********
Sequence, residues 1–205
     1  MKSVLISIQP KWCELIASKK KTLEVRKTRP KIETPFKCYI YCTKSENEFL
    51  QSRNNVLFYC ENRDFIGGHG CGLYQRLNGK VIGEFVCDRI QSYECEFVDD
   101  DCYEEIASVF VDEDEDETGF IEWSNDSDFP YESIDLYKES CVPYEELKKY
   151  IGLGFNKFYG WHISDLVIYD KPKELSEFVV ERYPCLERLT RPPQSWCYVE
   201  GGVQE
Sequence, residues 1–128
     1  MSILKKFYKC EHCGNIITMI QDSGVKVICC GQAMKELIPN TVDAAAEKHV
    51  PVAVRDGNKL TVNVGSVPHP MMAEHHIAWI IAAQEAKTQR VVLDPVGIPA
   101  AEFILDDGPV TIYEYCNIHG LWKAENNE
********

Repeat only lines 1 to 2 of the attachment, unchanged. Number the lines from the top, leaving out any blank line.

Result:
Sequence, residues 1–205
     1  MKSVLISIQP KWCELIASKK KTLEVRKTRP KIETPFKCYI YCTKSENEFL